NASA’s Perseverance Rover Lands on Mars

Adam Bear, Staff Writer

On February 18, 2021, NASA’s Perseverance rover landed in Jezero Crater on Mars. Jezero Crater used to be a lake, and Perseverance is landing in a former river delta, which existed when water ran on Mars. NASA plans for Perseverance to explore the landing site region for one Mars year, about two Earth years. On July 30, 2020, the rover was launched as a replacement and advancement to NASA’s Curiosity rover.

The key objectives of the Perseverance mission, according to NASA, are as follows: to explore a geologically diverse landing site, assess ancient habitability, seek signs of ancient life, particularly in special rocks known to preserve signs of life over time, gather rock and soil samples that could be returned to Earth by a future NASA mission, and demonstrate technology for future robotic and human exploration. NASA has emphasized the objectives relating to understanding Mars’ geology and looking for ancient life. Perseverance is looking particularly for signs of microbial life, as evidence discovered by other Mars missions shows that Mars likely had wet conditions billions of years ago.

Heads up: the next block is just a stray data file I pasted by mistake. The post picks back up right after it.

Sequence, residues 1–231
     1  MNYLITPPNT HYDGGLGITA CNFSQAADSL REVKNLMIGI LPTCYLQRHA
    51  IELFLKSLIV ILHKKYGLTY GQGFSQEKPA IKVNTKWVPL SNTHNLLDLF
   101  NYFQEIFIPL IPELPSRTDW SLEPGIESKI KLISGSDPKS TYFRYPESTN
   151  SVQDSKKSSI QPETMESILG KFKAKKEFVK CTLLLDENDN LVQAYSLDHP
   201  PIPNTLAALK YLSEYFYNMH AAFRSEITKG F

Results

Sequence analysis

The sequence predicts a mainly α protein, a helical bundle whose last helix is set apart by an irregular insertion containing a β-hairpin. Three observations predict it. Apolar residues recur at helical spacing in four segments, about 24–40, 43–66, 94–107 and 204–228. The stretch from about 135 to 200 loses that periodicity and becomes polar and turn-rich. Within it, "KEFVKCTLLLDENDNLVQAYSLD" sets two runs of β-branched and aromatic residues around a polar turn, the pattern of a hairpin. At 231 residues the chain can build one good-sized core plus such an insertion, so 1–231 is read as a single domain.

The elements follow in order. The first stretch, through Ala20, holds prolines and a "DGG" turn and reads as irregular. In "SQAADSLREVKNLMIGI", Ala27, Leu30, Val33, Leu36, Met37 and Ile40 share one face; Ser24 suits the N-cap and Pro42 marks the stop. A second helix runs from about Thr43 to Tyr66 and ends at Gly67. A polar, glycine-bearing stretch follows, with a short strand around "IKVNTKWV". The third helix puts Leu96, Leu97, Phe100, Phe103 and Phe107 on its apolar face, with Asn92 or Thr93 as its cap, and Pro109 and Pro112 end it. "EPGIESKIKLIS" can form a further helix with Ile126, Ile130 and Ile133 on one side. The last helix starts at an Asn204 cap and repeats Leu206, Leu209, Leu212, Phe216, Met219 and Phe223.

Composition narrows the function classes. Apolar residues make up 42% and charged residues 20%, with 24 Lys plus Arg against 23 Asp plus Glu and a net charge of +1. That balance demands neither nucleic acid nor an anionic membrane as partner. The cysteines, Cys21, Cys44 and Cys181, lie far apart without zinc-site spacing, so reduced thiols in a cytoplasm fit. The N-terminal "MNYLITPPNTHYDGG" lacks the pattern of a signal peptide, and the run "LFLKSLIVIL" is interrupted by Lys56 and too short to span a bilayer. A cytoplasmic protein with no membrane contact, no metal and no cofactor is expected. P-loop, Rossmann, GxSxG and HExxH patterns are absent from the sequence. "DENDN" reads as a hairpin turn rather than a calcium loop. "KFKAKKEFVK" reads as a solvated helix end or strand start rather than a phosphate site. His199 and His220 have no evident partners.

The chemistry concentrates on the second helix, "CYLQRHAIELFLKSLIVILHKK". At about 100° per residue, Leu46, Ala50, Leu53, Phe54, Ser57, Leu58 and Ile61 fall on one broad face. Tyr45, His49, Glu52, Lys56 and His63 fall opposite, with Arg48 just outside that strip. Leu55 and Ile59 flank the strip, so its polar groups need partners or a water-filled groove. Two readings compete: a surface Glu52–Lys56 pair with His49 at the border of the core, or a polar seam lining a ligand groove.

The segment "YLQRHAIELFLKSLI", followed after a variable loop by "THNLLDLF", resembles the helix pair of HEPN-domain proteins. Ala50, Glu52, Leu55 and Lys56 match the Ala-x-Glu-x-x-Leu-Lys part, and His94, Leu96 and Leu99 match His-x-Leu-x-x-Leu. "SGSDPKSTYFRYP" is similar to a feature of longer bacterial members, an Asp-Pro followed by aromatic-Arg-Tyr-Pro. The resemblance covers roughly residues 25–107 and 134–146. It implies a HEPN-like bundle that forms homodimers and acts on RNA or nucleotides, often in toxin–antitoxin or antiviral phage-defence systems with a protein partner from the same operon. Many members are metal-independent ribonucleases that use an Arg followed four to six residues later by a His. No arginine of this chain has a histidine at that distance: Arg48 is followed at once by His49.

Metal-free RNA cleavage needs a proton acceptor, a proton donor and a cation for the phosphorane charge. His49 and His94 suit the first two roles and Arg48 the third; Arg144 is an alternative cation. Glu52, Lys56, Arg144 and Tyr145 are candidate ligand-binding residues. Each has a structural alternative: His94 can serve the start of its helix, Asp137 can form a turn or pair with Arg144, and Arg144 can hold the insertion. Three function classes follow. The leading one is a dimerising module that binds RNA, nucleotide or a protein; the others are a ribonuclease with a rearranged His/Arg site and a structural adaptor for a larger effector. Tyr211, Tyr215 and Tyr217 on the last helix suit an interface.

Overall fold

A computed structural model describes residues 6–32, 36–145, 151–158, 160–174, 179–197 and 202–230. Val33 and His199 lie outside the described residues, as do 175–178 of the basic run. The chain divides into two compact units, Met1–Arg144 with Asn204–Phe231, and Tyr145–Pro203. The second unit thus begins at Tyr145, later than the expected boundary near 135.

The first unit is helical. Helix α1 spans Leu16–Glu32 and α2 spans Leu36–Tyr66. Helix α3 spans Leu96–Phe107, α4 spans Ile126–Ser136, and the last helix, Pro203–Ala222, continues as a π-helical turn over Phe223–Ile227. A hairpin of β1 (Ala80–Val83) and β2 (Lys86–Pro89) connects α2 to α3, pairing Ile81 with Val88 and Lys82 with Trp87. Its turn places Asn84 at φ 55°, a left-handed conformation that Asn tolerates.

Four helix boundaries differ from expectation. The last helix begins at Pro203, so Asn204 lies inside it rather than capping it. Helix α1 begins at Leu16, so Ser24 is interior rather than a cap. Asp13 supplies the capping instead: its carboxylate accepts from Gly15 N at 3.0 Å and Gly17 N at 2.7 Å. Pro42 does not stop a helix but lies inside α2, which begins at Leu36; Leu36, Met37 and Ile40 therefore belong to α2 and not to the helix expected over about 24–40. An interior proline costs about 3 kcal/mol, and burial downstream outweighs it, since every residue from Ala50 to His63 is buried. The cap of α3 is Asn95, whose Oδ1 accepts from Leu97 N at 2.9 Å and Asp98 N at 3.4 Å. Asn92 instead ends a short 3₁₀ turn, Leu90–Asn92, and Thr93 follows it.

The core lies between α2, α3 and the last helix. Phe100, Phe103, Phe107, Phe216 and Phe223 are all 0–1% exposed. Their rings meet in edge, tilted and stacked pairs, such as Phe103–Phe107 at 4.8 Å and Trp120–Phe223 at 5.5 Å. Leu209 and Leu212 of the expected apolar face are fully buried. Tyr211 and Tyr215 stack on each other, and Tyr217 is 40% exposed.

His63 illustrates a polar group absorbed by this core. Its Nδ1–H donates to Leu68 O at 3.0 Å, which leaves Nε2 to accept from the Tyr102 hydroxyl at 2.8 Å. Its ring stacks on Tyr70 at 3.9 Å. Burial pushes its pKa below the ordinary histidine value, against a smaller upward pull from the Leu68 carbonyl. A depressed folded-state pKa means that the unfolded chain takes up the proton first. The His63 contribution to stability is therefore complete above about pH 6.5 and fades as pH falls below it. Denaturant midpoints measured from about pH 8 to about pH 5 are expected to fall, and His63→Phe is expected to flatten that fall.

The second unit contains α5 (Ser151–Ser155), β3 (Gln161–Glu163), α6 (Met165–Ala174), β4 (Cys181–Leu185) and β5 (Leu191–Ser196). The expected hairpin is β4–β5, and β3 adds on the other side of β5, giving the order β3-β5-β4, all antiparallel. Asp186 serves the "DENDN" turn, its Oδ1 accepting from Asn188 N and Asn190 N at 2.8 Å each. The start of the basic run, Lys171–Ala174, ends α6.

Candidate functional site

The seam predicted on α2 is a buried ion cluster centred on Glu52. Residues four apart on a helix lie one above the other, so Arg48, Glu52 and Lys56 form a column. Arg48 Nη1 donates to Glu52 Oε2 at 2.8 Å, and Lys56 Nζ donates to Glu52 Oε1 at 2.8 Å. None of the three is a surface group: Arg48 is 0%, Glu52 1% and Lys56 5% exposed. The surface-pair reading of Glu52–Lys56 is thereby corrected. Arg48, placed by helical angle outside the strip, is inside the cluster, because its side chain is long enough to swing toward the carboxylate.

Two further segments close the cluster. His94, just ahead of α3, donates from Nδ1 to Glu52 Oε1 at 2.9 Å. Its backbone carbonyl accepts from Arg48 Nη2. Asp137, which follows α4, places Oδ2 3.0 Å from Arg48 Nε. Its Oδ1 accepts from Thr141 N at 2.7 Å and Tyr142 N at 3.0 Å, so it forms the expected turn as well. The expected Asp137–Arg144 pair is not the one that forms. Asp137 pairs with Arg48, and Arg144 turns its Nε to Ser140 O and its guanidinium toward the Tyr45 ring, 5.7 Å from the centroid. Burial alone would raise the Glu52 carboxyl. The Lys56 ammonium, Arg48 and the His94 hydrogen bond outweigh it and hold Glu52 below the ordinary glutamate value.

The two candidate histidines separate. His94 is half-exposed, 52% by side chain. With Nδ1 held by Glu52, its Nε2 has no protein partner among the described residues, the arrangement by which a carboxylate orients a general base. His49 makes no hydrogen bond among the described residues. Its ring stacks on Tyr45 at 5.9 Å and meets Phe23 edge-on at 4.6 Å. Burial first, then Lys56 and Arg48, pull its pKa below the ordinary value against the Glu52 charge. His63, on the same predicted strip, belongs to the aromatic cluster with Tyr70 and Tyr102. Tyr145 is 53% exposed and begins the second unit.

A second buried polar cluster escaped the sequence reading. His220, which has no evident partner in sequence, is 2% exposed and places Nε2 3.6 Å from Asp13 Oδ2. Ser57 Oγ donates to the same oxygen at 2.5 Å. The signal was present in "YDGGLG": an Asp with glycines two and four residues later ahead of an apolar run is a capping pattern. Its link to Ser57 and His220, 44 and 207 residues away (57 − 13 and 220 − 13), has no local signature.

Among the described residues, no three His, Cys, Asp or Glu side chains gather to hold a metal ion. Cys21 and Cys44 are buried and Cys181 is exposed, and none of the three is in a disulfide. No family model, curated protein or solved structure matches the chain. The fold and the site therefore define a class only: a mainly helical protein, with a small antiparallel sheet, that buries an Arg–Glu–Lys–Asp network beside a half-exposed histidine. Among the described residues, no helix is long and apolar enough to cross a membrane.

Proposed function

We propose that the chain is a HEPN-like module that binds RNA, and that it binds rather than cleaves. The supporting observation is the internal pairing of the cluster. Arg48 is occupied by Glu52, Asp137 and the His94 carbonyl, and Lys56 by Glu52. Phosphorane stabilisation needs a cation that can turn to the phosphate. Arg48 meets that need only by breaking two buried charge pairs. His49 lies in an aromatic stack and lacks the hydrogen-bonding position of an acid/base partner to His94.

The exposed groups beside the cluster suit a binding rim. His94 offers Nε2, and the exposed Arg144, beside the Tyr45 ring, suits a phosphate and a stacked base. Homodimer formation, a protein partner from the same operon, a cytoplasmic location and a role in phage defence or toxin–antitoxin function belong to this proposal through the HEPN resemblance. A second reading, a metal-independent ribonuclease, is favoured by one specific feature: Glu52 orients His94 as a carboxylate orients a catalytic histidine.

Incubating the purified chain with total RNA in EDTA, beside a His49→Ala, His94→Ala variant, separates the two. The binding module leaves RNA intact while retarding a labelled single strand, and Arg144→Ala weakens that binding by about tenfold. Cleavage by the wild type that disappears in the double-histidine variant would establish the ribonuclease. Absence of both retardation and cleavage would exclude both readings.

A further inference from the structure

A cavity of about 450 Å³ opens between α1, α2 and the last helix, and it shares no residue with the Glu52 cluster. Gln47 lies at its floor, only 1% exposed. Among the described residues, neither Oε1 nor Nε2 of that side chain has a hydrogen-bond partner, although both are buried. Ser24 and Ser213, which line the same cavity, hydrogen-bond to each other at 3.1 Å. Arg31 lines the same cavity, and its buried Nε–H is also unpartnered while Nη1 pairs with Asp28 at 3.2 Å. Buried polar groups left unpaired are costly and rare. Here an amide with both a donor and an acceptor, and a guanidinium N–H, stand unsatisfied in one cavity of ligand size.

Perseverance is being used to test new technology that humans may use on Mars, such as an autopilot for avoiding hazards called Terrain Relative Navigation and a set of sensors for gathering data during landings. The rover is also one of the first machines to utilize other new technologies, such as SuperCam. This instrument can provide imaging, chemical composition analysis, mineralogy at a distance, and other distance analysis tools that use X-Rays and UV lasers to scan composition and look for organic material.